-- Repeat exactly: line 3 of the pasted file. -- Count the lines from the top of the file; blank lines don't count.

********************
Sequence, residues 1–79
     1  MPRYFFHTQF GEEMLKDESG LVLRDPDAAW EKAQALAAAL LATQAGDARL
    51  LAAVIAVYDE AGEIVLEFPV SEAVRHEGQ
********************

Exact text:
    51  LAAVIAVYDE AGEIVLEFPV SEAVRHEGQ